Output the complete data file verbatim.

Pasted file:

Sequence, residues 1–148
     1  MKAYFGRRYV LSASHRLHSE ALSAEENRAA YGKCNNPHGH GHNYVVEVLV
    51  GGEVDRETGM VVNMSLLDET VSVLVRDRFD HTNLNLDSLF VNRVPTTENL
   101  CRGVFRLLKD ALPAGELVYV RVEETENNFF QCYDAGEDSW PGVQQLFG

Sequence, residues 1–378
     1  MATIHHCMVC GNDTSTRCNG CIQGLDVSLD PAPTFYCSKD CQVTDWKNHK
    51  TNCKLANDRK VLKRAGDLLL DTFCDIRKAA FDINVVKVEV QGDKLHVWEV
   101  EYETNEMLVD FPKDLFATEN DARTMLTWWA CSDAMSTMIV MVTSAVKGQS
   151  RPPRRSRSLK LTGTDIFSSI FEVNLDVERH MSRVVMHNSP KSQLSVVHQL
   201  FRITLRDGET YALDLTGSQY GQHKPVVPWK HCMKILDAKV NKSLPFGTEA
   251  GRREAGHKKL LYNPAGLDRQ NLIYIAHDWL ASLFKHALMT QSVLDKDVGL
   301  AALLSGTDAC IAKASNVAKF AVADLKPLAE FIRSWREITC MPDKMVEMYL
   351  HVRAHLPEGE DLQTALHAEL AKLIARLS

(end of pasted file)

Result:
Sequence, residues 1–148
     1  MKAYFGRRYV LSASHRLHSE ALSAEENRAA YGKCNNPHGH GHNYVVEVLV
    51  GGEVDRETGM VVNMSLLDET VSVLVRDRFD HTNLNLDSLF VNRVPTTENL
   101  CRGVFRLLKD ALPAGELVYV RVEETENNFF QCYDAGEDSW PGVQQLFG

Sequence, residues 1–378
     1  MATIHHCMVC GNDTSTRCNG CIQGLDVSLD PAPTFYCSKD CQVTDWKNHK
    51  TNCKLANDRK VLKRAGDLLL DTFCDIRKAA FDINVVKVEV QGDKLHVWEV
   101  EYETNEMLVD FPKDLFATEN DARTMLTWWA CSDAMSTMIV MVTSAVKGQS
   151  RPPRRSRSLK LTGTDIFSSI FEVNLDVERH MSRVVMHNSP KSQLSVVHQL
   201  FRITLRDGET YALDLTGSQY GQHKPVVPWK HCMKILDAKV NKSLPFGTEA
   251  GRREAGHKKL LYNPAGLDRQ NLIYIAHDWL ASLFKHALMT QSVLDKDVGL
   301  AALLSGTDAC IAKASNVAKF AVADLKPLAE FIRSWREITC MPDKMVEMYL
   351  HVRAHLPEGE DLQTALHAEL AKLIARLS